Sudare

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The writer Sei Shōnagon standing behind a misu
misu protecting the view on to the throne in the Shishin-den of Kyoto Imperial Palace
Examples of yoshi sudare or yoshizu screens outside a shop in Hyōgo Prefecture

Sudare (簾 or すだれ?) are screens or blinds. They are sometimes called misu (御簾 or みす?) as well, particularly if they have a green fabric hem.[1] Sudare are made of horizontal slats of decorative wood, bamboo, or other natural material woven together with simple string, colored yarn, or other decorative material to make nearly solid blinds. They could be either rolled or folded up out of the way. Yoshizu, non-hanging type sudare, are made of vertical slats of Common reed and used as screen.

Sudare are used in many Japanese homes to shield the verandah and other openings of the building from sunlight, rain, and insects. They are normally put up in spring and taken down again in autumn. Their light structure allows breezes to pass through, a benefit in the hot Japanese summers. Since the building materials are easy to find, sudare can be made cheaply. Modern sudare are mostly made in China.

Elaborate sudare for palaces and villas used high-quality bamboo, with expensive silk and gold embroidery worked in. Sometimes they featured paintings, most often on the inside; some Chinese screens had symbols painted on the outside as well.

Sudare protect the inhabitants of the building not only from the elements, but also from the eyes of outsiders. They are featured prominently in The Tale of Genji (jp: Genji monogatari). During the Heian Era, a court lady would conceal herself behind a screen when speaking with a man outside her immediate family. She could peep through it and see her interlocutor, but because he had to remain at a distance from it, he could not see her. Only with her permission might he step closer and only she would ever raise the screen. Any unwarranted moves on the man's part were seen as a grave breach of etiquette and a threat against the lady's modesty and purity.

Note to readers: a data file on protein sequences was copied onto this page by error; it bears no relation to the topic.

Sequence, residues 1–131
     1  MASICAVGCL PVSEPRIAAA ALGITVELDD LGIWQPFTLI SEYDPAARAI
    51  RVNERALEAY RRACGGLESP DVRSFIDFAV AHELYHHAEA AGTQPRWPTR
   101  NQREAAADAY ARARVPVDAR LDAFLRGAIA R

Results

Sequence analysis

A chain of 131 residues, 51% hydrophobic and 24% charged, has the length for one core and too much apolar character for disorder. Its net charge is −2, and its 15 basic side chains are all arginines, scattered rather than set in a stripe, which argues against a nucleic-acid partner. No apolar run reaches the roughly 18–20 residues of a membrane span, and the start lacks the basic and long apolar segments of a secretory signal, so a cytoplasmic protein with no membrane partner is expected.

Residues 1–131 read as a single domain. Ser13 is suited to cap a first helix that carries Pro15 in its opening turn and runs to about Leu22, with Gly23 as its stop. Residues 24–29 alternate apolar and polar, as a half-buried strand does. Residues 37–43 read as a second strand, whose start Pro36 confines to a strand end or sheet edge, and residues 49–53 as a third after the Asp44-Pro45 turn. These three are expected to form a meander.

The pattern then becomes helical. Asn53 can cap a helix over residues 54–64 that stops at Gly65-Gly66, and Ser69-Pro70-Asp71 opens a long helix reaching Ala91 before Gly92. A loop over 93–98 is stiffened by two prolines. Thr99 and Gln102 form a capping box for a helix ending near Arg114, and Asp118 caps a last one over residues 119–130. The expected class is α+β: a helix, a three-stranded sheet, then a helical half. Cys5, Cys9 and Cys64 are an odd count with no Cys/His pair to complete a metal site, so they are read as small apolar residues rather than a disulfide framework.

Sudare were also used in imperial audiences. Since looking directly at the tennō ("heavenly ruler") was forbidden, he would sit hidden behind a screen in the throne hall, with only his shoes showing. This practice fell out of use as imperial power declined.

With the dawn of modernity, the production of sudare went into decline and became a traditional handicraft, but they still are sold and shipped abroad by various companies.

Notes[edit]

A museum in Amano-cho, Kawachinagano, Osaka traces the history of sudare. Tools and machines used to manufacture them, as well as sudare from other countries, are on display.

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References[edit]

  1. ^ "sudare". Japanese Architecture and Art Net Users System. Retrieved August 23, 2011. 

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